What I do not understand is that the Voice seems to change its mind from time to time. Would God change His mind? And yet, sometimes I find new information that compels me to believe that my former stance was in error. Then the Voice sometimes leads me into a completely new way of life from what it had espoused earlier. So does that mean the Voice is not God, or does it mean that God changes His mind? I have reasoned that God works with the best of my understanding at any one time, and then when my understanding changes, something new may be apparent. However, then again, I could be wrong. I always allow for the possibility of being wrong.
Maybe that is not certainty, but it does involve a certain amount of humility. In the meantime I keep learning and growing, gleaning from various faith traditions tidbits that can be incorporated into my belief structure. I take my belief structure apart from time to time and rebuild it again, trying to keep it new and robust enough to withstand the stresses of modern-day living. What can I do to my beliefs to make them more empowering?
Mindfulness is a concept from Buddhism, which has become westernized. I think it is very valuable and should be incorporated into every faith tradition and corporate structure. I especially try to incorporate mindfulness into my driving. Even though I get stressed from driving, I seek to mitigate that by paying full attention. I do not listen to the radio, use the telephone, or engage heavily in conversation while I am driving. I focus on what I am doing and the environment around me. I have a good safety record to show for that.
Eating is another area where mindfulness is warranted. Lately, I have been slowing down more and more. My husband has been after me for years to slow down. I have had ulcers, probably from eating too fast. Now that my life has a slower pace, I find I can eat mindfully. I plan to continue this practice.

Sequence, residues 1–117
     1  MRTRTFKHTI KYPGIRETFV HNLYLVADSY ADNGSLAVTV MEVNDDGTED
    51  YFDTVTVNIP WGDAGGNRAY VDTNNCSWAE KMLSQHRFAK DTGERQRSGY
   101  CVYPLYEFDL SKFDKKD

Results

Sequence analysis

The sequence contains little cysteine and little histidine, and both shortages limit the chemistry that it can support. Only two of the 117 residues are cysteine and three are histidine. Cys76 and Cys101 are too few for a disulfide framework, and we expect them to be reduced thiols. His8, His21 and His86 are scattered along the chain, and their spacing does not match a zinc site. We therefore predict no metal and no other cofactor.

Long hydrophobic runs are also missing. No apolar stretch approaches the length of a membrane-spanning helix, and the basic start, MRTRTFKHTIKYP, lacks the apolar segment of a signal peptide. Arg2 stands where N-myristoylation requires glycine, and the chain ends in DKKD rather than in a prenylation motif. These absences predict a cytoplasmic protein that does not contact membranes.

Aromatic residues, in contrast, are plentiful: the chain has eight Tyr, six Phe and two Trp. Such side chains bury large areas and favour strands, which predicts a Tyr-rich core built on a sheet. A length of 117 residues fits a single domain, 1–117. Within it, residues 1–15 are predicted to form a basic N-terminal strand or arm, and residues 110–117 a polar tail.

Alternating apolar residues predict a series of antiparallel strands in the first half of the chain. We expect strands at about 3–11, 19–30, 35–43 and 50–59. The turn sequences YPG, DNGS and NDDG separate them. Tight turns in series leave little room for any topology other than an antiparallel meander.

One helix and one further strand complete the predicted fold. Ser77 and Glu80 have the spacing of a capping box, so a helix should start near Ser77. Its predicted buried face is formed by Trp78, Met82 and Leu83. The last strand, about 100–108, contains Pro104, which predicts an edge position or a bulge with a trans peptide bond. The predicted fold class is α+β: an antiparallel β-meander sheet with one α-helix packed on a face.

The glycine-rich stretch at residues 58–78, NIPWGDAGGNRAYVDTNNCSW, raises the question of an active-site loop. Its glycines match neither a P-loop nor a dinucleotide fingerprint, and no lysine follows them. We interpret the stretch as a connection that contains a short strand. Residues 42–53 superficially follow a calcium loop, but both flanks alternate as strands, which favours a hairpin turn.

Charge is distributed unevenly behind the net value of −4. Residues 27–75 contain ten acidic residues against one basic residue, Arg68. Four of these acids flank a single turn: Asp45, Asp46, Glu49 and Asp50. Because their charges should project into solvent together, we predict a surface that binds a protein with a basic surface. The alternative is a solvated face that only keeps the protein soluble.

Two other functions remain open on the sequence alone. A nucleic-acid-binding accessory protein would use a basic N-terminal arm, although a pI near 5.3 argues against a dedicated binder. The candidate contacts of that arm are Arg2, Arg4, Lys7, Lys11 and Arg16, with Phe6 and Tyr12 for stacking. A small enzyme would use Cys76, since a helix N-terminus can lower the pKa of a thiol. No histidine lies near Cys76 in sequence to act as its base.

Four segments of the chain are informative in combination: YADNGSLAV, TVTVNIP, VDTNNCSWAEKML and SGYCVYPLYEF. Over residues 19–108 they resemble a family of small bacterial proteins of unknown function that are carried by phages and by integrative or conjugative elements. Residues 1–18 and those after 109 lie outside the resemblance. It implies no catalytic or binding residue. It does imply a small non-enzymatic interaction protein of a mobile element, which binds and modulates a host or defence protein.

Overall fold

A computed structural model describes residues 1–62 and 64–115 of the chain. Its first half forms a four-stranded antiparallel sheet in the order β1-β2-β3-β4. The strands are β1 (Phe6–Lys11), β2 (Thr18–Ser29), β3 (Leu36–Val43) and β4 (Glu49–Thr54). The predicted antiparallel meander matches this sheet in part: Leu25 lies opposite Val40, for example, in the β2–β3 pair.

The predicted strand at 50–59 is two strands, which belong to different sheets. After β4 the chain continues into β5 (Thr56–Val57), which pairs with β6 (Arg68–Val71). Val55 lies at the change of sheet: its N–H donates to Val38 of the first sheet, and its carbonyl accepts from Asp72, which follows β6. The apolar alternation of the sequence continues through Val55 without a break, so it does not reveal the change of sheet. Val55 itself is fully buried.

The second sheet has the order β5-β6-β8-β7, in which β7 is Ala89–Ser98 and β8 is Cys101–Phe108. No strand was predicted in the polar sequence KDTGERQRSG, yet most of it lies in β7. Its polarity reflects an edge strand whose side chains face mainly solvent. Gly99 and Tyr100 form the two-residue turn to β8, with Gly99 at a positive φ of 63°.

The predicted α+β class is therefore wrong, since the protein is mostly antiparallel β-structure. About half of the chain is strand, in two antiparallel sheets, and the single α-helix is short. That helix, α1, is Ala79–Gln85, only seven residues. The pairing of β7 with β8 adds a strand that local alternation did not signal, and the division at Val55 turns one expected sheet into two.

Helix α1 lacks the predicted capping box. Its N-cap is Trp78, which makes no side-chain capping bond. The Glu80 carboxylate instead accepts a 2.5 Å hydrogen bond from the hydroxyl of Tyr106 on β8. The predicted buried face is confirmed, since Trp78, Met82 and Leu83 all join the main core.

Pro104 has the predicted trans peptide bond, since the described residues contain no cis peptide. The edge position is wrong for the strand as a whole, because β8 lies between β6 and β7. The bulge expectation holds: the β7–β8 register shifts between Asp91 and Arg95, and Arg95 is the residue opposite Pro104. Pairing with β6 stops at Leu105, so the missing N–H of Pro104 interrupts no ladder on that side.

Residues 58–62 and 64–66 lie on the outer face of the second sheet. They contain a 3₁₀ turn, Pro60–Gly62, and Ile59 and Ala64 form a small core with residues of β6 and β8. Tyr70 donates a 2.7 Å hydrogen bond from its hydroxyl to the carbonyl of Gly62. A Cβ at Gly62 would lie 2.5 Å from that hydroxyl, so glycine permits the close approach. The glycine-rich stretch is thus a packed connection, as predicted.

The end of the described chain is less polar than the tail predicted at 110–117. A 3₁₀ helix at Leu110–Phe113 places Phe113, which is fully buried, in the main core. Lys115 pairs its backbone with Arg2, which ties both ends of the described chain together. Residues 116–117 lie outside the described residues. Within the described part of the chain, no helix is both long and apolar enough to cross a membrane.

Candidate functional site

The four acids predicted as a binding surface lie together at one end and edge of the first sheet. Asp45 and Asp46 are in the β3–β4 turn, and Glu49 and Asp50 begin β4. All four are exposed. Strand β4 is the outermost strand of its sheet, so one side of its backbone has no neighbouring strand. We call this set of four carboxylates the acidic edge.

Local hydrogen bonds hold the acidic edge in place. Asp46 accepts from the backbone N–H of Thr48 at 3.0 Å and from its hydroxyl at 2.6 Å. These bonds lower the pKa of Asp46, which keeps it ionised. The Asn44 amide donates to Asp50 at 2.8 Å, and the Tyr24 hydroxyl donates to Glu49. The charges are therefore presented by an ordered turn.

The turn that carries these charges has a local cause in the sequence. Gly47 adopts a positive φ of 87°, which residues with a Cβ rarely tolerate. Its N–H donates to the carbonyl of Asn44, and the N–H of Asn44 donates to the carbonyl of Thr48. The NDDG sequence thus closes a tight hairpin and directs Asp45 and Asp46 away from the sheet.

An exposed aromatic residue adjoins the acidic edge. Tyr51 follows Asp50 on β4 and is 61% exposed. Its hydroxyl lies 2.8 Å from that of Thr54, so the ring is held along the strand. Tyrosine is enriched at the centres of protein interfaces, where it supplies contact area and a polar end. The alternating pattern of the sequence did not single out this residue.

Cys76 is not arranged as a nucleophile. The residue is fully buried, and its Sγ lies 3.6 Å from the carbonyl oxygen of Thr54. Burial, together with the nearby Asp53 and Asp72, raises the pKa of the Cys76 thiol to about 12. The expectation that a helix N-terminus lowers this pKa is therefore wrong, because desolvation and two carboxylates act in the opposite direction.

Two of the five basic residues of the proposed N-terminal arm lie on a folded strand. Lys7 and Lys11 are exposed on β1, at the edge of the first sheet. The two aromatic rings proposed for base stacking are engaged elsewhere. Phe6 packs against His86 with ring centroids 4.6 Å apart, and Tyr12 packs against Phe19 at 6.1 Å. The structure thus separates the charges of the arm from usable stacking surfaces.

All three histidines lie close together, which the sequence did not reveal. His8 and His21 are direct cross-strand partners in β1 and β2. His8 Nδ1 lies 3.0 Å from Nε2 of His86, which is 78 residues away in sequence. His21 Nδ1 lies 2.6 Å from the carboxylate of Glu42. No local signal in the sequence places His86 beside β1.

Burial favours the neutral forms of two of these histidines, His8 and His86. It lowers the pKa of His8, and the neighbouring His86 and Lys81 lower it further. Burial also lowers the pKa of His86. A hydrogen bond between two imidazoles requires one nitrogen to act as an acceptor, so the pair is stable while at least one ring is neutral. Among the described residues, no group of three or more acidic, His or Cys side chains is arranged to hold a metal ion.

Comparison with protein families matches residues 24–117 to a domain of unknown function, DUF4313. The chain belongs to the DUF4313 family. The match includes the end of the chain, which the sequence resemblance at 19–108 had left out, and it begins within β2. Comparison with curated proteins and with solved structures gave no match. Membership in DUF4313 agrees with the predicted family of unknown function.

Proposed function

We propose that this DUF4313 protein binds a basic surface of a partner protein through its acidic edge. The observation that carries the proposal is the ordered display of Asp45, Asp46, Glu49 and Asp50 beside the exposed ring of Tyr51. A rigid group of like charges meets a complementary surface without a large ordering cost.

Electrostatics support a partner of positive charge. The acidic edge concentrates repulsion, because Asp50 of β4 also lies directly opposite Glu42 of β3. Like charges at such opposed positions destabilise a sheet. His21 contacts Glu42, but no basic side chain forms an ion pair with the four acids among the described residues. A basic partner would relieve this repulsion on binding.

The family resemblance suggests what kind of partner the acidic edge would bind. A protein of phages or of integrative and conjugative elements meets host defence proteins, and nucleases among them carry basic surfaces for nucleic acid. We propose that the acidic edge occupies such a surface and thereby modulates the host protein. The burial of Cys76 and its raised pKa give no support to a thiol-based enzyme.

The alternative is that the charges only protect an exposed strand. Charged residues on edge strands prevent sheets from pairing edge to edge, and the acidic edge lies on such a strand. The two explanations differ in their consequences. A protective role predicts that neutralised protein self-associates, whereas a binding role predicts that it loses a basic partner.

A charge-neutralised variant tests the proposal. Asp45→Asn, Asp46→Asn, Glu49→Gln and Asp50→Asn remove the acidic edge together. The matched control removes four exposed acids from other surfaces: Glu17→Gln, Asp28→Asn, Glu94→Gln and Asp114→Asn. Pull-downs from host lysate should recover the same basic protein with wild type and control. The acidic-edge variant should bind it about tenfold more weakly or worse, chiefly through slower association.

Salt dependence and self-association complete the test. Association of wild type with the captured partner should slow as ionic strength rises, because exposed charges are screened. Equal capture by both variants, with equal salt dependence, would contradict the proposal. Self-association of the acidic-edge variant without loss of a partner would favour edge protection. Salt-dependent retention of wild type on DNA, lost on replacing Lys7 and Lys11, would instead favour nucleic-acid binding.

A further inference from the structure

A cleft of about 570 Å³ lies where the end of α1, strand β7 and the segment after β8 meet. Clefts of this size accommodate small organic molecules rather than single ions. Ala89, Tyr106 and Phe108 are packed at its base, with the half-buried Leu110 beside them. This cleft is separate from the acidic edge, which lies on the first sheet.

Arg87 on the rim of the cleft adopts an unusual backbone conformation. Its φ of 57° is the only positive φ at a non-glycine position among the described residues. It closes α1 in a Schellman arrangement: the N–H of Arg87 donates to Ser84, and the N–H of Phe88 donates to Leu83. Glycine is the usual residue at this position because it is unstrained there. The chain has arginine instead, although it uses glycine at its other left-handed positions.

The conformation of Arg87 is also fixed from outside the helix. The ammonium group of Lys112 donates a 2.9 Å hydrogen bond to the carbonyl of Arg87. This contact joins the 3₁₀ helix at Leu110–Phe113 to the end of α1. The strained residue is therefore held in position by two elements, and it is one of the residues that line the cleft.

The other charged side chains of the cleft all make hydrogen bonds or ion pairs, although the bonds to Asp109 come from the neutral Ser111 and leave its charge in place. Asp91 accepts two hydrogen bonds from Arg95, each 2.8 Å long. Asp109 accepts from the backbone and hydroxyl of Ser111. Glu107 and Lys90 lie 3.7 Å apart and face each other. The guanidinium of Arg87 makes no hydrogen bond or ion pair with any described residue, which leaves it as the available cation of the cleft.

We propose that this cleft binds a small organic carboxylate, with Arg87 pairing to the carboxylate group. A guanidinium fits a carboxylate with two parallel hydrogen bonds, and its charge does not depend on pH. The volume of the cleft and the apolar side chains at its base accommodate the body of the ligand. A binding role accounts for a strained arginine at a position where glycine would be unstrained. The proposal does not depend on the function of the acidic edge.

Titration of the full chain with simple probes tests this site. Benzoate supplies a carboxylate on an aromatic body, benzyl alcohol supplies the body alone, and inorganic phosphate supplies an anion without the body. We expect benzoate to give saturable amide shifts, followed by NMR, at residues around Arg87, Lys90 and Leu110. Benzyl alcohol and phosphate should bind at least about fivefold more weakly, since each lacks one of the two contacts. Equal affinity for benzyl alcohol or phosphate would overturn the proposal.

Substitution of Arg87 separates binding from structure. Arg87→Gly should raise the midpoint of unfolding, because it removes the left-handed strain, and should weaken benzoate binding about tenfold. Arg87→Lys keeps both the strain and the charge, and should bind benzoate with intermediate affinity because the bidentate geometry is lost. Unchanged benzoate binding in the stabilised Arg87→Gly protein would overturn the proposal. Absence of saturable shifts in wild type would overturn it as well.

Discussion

Even walking can be done mindfully, as we take notice of the feeling in our feet as we take each footstep. Sometimes I spend my time walking talking with my Higher Power, but perhaps I could keep my mind more silent. That is an area where I could transform my life.
Mindfulness is hugely useful in pain management. Sometimes, by being with my pain, I can get it to totally disappear. I rarely need pain medication. The only pain medication I have used for a long time is the herb butterbur.
As far as limiting beliefs go, I am sure I have many. I probably have limiting beliefs about my driving. Since I am driving mindfully, I am probably safer than I give myself credit for, so I should not be so anxious afterwards.
I have limited myself by not returning to work except for an occasional contract job. I came close to surmounting that limiting belief when my mother said, “You’ll never be able to work again.” I confess that I had a hard time not believing her. I have so far not gained enough references to prove to myself that I can work again. Now I realize from Tony Robbins that you do not have to build your table of belief for limiting beliefs. I do not need to assemble all the reasons why working again is impossible. I only need to assemble empowering beliefs. For now, I have a job as a blogger, not to mention being a full-time housewife. If it ever becomes necessary, I will shed my limiting beliefs about working.
In the meantime, I will build empowering experiences for the activities I do undertake.
Today, I had a pile of boxes that needed to go out. I started flattening them, breaking through the glue on them, and found that I could get them all flattened with my bare hands. I put them all in a pile and was able to take them all out in one trip. I felt empowered once I was done because my inner voice said I could do what I was doing, and I proved it right. That may seem extremely simple and mundane, but a belief in one’s capabilities flows into every aspect of life.
If you would like to join me in this journey from the beginning, please start with Day One.